Law and administration - works from the Bayerische Staatsbibliothek

Manuscripts and prints on the subject of law and administration provide administrative and normative texts of the most varied kinds – i.e. deeds, trial records as well as administrative documents, decrees and laws – from various bodies, which in the Middle Ages and the (early) modern period may be of both a secular and ecclesiastical nature. A religious context includes in particular those prints and manuscripts that deal with religious law or ecclesiastical (canonical) law, especially that of the Roman Catholic Church.

In this collection from the Bayerische Staatsbibliothek, bavarikon presents several early/high medieval manuscripts of so-called folk or tribal rights, namely the Lex Baiuvariorum (Clm 19415) and the tribal law of the Rhine-Franconians, the Lex Ripuaria (Clm 4115), as well as a manuscript of the Schwabenspiegel (Cgm 9299), among others. In addition, a selection of legal sources of canon law are consolidated here, such as the so-called Decree Gratians (Clm 23552 and 2 L.impr.membr. 1 a as well as 2 Inc.c.a. 854 a) and various collections of decrees (Clm 18095 and Clm 23560). Two manuscripts of the (Ober-)Bayerisches Landrecht (Cgm 15 and Cgm 1506) from the mid-14th century are further examples of normative law. An exceptionally elaborately designed example is also presented for the mentioned area of administrative writing, namely the basic interest book from Raitenhaslach (Cgm 1517), a manuscript that was written in the Cistercian abbey there in 1438.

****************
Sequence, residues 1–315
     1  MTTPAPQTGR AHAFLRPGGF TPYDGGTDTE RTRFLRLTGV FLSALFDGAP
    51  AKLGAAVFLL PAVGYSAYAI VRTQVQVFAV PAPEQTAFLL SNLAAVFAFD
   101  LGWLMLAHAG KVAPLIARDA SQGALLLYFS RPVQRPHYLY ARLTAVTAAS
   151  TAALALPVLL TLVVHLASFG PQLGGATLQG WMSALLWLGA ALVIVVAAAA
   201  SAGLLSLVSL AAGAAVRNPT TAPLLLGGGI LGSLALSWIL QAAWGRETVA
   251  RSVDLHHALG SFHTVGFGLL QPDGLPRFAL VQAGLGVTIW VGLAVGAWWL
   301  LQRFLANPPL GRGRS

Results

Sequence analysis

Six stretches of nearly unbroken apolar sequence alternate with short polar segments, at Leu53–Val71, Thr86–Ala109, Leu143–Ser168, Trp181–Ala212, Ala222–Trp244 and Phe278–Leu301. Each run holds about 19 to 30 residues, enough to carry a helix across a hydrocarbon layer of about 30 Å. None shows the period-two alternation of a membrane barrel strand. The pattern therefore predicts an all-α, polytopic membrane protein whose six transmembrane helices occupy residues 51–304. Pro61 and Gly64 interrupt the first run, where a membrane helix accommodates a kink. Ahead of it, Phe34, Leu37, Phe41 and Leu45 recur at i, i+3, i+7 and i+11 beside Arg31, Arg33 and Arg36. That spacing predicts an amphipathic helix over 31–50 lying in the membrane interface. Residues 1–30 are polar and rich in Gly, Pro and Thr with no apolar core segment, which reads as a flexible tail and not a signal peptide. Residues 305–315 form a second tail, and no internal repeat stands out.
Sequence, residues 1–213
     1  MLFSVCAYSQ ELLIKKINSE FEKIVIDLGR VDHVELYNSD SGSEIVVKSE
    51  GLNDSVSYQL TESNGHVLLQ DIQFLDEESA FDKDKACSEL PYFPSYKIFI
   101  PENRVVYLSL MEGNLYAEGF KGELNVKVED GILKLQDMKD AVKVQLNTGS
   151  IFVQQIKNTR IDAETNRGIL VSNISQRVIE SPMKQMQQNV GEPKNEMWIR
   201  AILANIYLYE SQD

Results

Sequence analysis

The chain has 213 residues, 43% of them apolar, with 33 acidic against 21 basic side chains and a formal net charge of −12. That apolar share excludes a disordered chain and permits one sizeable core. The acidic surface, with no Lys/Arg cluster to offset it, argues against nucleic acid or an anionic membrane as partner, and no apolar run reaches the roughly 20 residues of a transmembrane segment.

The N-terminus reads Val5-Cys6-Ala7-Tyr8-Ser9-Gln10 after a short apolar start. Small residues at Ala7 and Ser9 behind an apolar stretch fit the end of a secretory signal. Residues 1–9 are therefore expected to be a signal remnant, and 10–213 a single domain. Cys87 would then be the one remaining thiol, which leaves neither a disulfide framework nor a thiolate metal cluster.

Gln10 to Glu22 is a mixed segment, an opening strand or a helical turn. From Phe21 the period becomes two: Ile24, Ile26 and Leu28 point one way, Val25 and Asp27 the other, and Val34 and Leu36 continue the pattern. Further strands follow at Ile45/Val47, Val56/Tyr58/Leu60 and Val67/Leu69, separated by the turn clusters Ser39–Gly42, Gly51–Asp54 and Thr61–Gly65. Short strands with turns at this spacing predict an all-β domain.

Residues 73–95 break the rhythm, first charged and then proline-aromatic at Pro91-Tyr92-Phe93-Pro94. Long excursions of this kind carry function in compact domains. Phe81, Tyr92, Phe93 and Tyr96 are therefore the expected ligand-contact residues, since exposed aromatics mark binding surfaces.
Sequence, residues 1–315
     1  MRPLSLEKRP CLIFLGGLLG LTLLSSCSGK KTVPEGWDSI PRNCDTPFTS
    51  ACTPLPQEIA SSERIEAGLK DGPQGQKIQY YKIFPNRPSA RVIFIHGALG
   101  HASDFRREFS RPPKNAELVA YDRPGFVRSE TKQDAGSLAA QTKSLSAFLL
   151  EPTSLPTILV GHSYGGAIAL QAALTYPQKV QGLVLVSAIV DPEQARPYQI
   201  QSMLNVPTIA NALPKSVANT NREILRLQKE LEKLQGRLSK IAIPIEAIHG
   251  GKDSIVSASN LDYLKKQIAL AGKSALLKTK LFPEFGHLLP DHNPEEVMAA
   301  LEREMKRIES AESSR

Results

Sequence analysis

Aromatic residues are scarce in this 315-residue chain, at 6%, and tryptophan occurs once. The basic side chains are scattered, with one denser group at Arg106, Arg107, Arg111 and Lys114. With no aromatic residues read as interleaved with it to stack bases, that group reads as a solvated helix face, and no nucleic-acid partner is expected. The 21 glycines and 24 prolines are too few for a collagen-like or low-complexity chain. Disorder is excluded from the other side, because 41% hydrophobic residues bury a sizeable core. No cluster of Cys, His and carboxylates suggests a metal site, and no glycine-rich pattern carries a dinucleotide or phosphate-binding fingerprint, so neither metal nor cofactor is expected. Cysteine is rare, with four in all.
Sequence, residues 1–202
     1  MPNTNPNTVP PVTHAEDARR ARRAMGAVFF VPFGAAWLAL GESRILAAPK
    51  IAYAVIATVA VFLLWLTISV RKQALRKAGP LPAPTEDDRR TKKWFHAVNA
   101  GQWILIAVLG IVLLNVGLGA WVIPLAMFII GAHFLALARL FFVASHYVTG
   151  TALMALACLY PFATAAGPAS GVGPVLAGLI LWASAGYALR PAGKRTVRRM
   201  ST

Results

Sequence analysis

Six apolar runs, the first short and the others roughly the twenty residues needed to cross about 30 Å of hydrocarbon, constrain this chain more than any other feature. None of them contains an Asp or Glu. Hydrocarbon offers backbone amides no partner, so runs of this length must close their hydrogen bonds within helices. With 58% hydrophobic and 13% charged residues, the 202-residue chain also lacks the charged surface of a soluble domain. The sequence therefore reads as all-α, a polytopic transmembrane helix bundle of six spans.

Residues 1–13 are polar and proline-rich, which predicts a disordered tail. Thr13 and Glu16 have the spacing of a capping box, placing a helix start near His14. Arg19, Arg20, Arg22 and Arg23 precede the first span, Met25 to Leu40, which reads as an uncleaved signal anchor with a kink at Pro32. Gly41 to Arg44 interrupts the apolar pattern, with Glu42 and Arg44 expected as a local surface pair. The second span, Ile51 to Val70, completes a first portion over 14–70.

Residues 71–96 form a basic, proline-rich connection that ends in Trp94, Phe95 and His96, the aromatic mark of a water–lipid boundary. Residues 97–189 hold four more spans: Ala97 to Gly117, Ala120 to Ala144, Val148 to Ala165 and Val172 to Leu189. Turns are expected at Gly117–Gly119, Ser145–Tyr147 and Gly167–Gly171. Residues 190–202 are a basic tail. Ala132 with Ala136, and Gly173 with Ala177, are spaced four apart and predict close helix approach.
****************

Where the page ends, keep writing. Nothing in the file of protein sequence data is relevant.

Finally, a somewhat literary examination of the law or legal norms should be mentioned: the Belial (Cgm 48), written by Jacobus von Theramo (died 1417) and decorated with miniatures, including some of devils. Jesus Christ is put on trial by Satan (Belial) – a process which, with the presentation of various legal and theological arguments, finally ends with the acquittal of Christ.

Further collections of the Bayerische Staatsbibliothek on the subject in bavarikon

>> This collection is part of the holdings of the Bayerische Staatsbibliothek (Bavarian State Library).

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